It all starts with the architectural model and schematizing
As structural engineers, we are instructed to calculate a structure so that it doesn’t collapse. We’ll have to verify whether the construction meets certain requirements in terms of strength, stability, and stiffness. To create the structural analysis model, we start from the architectural model. An architectural model shows what the structure will look like in reality, but it is not suitable for calculations due to too many details.
We will strip the architectural model until only the load-bearing structure remains. The load-bearing structure will transfer the applied loads to the ground. Possible loads that apply are the self-weight of the structure and weight resulting from the use of the structure (people, furniture, machines). Wind, snow, temperature changes, etc. can also cause loads, so they must be considered.
To make the load-bearing structure accessible for calculations, we must schematize it to an analysis model (syn. wireframe model, mechanical model). This goes hand in hand with necessary idealizations and simplifications The idealizations are in the areas of:
• The geometry (the shape and dimensions) of the structure
• The supports
• The joints
Figure 1: Schematization of an architectural model (a) to an analysis model (b)
Shape of the structure
Through schematization, system lines that coincide with the axis lines of the cross-sections will replace beams and columns. Similarly, system planes that coincide with the axis plane will replace floors and walls.
Schematization of a beam/ column (a) and of a slab/wall (b) to respectively system lines and planes
Because we are working with system lines and planes, the calculated value of the spans in an analysis model is slightly different from the actual dimensions that we find in the real construction (=architectural model). In Figure 3:
• the bars in the analysis model are slightly shorter than in reality
• the columns are a little longer than in reality
Figure 3: Influence of the schematization on the lengths of the construction parts
When the position of the system lines and planes is determined, we must assign a cross-section to them. The better this initial choice is in line with the final design, the less calculation work. As a guide, we can estimate the initial cross-section of each element using the rules of thumb in the table below.
|L/12 à L/15
|Multiple storeys (L <= 4m)
|L/10 à L/12
|1 storey (3m <= L<= 8m)
|L/20 à L/25
|Multiple storeys (3m <= L<= 4m)
|L/7 à L/8
|Line supports (up to 7m)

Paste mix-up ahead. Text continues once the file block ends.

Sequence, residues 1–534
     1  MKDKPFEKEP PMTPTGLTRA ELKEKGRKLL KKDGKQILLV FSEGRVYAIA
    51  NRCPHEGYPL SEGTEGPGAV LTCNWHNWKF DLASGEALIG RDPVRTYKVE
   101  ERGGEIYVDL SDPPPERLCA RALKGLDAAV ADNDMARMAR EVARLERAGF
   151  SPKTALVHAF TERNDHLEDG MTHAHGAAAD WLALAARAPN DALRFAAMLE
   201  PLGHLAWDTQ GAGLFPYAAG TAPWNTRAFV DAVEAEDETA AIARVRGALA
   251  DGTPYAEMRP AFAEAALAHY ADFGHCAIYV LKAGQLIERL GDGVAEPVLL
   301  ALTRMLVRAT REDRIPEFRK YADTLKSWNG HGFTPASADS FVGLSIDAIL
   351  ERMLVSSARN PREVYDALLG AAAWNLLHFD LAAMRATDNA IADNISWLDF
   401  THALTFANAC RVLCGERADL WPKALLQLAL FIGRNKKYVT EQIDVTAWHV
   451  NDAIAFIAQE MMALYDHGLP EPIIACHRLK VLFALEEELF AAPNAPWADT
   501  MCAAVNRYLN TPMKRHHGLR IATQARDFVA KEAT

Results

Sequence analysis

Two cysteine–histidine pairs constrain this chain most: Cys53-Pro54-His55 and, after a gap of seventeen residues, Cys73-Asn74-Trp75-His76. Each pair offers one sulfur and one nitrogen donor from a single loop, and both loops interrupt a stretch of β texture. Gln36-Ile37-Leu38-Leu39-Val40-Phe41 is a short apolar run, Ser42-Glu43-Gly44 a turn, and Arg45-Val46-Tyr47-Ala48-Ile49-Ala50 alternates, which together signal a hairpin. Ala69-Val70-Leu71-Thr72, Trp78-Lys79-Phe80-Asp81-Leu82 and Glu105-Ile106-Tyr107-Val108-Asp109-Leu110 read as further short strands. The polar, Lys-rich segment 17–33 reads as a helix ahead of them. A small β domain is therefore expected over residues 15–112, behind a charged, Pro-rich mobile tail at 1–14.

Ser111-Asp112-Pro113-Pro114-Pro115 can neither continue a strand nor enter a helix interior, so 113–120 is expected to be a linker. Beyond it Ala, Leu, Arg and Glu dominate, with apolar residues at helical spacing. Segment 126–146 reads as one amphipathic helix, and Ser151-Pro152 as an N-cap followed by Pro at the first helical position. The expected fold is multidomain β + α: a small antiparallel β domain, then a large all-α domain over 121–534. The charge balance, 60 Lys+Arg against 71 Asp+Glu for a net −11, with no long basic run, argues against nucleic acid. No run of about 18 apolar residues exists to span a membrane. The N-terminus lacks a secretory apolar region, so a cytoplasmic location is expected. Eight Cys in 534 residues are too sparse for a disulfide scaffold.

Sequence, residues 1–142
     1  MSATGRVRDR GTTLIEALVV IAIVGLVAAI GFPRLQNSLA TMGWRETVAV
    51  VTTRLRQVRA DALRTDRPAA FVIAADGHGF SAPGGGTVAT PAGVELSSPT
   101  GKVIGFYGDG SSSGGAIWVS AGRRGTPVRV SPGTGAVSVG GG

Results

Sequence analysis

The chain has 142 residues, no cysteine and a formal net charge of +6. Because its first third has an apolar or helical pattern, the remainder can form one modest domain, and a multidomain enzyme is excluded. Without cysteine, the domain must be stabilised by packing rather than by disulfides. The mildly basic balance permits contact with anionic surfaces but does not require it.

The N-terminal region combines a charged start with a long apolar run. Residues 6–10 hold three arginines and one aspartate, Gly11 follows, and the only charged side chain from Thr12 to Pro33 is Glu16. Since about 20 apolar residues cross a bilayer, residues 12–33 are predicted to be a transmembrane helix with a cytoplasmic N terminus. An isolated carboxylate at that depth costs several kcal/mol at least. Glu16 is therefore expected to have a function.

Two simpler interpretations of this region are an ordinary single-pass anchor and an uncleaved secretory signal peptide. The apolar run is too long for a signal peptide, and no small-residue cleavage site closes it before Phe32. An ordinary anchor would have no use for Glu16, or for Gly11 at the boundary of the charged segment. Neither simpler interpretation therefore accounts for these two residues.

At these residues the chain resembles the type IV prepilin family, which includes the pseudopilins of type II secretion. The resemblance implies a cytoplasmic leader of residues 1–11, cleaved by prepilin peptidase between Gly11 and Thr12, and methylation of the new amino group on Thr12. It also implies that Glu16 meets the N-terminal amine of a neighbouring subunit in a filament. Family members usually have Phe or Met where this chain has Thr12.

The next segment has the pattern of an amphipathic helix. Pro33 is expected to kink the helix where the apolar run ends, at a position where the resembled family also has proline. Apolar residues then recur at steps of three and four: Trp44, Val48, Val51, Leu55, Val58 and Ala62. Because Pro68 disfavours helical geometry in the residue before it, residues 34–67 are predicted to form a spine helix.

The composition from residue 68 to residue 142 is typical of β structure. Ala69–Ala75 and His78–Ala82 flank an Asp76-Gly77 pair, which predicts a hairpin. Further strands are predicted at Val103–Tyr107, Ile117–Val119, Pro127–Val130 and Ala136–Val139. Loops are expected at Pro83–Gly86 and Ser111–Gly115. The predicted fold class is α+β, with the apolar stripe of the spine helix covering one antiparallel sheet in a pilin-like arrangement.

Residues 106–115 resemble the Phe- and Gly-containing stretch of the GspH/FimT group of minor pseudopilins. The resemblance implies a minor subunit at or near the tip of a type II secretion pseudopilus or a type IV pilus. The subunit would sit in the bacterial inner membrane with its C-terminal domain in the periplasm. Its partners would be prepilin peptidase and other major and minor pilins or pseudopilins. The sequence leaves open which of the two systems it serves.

|Point supports (up to 7m)
|1/25 à 1/28
|Coffered floor, hollow floor, ribbed floor (up to 20m)
|1/20 à 1/25 x diagonal length
|Hollow-core slabs (up to 17m)
|Double tee flooring (up to 22m)
Table 1: Rules of thumb for estimating the dimensions of structural parts (Source: )
Supports and joints
A (part of a) construction does not float freely in the air. Structural parts are interconnected in joints (syn. nodes). And the structure is connected to this planet through supports that divert the internal forces to the ground.
The schematizing of supports/nodes depends on their possible degrees of freedom. These degrees of freedom play out at two levels:
• On the one hand, the translational stiffness measures the resistance of the support/joint to displacements.
• On the other hand, the rotational stiffness measures the resistance of the support/joint to rotation.
A support/joint always limits at least one degree of freedom. In a two-dimensional flat plane, a support/joint has a maximum of 3 degrees of freedom: two translational and one rotational (Figure 4).
Figure 4: The three degrees of freedom in a two-dimensional flat plane illustrated with a rectangle (Source: )
By playing around with the translational and rotational stiffness, we can distinguish different supports/joints (Figure 5).
• Hinged, rolled, and restrained are the most used supports. Both the translational and rotational stiffness are important here.
• To classify joints, usually only rotational stiffness is used.
o Joints with a free rotation are called hinged joints.
o Joints in which rotation is prevented are called rigid, fixed, or continuous joints.
o Joints with limited rotational stiffness are called semi-rigid joints.
Figure 5: Mechanical representation of various supports/joints in accordance with their translational and rotational stiffness (Source: )